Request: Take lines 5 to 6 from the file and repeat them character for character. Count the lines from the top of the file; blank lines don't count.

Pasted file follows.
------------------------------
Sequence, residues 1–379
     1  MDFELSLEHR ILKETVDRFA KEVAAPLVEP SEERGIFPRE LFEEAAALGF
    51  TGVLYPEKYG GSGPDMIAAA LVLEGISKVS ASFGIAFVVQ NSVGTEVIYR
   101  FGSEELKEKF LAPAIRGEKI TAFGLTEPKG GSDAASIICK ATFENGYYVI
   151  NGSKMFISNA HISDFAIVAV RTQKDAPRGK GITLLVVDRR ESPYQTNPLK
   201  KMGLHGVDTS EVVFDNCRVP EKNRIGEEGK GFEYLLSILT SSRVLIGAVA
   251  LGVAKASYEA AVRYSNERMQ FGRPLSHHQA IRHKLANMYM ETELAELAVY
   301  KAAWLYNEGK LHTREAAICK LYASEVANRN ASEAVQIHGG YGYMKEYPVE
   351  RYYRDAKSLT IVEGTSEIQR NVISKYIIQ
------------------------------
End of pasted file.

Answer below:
   151  NGSKMFISNA HISDFAIVAV RTQKDAPRGK GITLLVVDRR ESPYQTNPLK
   201  KMGLHGVDTS EVVFDNCRVP EKNRIGEEGK GFEYLLSILT SSRVLIGAVA